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January 18, 2018

CATEGORY: The Nature of Time Essay Contest (2008) [back]
TOPIC: There ain't nothing wrong with Time by Anders Bengtsson [refresh]
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Anders Bengtsson wrote on Dec. 1, 2008 @ 10:52 GMT
Essay Abstract

I argue that it is probably a misdirected effort to try to abolish time from fundamental science. If it can be done at all, it is through introducing even more strange concepts. In particular there seems to be nothing in general relativity or quantum mechanics or a would-be fusion of these theoretical schemes that point towards a more fundamental theory without time. Instead it will be argued from quite simple ideas that time is indeed a fundamental concept in any sensible description of reality. Looked at clearly and without any attempts to make the simple obscure, ''There ain't nothing wrong with time''.

Author Bio

Anders Bengtsson is a theoretical physicist teaching at the Engineering School at the University of Borås, Sweden. He obtained his PhD from Chalmers University of Technology in 1984 where he studied at the Institute for Theoretical Physics. His research interests are focused on higher spin gauge field theory.

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Dr. E (The Real McCoy) wrote on Dec. 1, 2008 @ 17:06 GMT
Hello Anders,

Loved your essay!

Love words such as this, "I argue that it is probably a misdirected effort to try to abolish time from fundamental science."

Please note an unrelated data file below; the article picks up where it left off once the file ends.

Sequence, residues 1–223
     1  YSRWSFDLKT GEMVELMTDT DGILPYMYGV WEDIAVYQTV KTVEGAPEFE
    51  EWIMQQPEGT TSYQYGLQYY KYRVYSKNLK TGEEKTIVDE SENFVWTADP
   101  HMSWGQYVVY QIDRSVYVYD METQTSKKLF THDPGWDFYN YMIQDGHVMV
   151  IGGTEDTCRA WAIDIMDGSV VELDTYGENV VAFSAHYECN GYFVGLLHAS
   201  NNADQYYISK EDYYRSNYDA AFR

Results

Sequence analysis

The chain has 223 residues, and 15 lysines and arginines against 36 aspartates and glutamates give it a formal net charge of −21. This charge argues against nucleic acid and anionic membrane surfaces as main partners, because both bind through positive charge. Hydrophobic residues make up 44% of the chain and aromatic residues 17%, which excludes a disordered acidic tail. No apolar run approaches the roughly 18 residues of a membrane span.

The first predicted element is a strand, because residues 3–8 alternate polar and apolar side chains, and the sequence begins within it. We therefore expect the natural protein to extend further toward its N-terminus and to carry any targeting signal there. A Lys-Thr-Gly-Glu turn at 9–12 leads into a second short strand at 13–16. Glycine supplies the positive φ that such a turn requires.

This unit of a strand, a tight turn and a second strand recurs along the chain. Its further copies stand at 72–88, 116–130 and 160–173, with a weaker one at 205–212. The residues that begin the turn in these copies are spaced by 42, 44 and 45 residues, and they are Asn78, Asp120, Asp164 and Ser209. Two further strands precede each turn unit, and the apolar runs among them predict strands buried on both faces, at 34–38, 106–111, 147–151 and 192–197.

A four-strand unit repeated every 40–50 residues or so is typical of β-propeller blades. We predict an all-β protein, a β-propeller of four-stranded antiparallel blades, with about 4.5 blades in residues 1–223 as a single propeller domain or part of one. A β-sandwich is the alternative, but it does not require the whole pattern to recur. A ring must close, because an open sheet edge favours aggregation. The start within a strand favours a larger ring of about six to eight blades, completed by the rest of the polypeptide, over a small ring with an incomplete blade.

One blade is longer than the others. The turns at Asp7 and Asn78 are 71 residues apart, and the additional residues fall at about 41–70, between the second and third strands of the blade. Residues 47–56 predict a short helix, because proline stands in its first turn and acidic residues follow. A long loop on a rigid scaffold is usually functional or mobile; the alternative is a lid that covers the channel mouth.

Indeed, at the heart of every measurement is change. Ergo, without change, there can be no measurement, and thus no physics--at least not physics based in experimental, physical reality--which seems to be the kind of...

view entire post

Keith Clemens wrote on Dec. 7, 2008 @ 06:03 GMT
In section 7 you write "It seems that time is present on all levels of the scale hierarchy." However a photon does not experience time. By using a relational model and reductionism you can achieve a more fundamental "timeless" theory. I go into the details in my submission.

Cristi Stoica wrote on Dec. 9, 2008 @ 08:14 GMT
Dear Dr. Bengtsson,

You bring in interesting arguments for defending the time in Physics. I agree with you that we cannot reduce everything to more elementary concepts, and at least time seems to be elementary. I liked your example of repetitions and decisions. As a joke, we can reduce both repetitions and decisions to “GO TO” :) (time traveling in past, respectively in alternative futures). Congratulations for your well-written essay.

Best wishes,

Cristi Stoica

Flowing with a Frozen River

Anders wrote on Dec. 11, 2008 @ 21:37 GMT
Dear Keith,

Photons don't experience anything, but I understand what you mean, even though I don't agree. No massive system can achieve the speed of light, but however close you get, and granting that you are conscious, you will still experience time in your own inertial system.

Dear Cristi,

A GO TO statement is normally preceded by a condition determining where to go, so it is decision really.

Best regards


Lawrence B. Crowell wrote on Dec. 15, 2008 @ 02:07 GMT
Your essay drew out some interesting points. I personally don't think that science can tell us much about the existential nature of geometric objects or categories. In the case of time what is more important is what useful insights and information can we learn from time, and its relation to the relative actions of direct observables. Time has a relationship to temperature and scaling, as I argue in #370.


Lawrence B. Crowell

James Putnam wrote on Dec. 26, 2008 @ 20:58 GMT
Dear Anders K. H. Bengtsson,

Thank you for sharing this essay. I think that you think both clearly and analytically. I see so much analysis that amounts to cloaking names and concepts behind other theoretically invented names and concepts. These kind of disguising techniques do not appear to have fogged your vision. I am not assuming that you agree with my statements here. However, even if you do not, I really do appreciate you sharing your thoughts through your essay. You have won my restricted vote.

James Putnam

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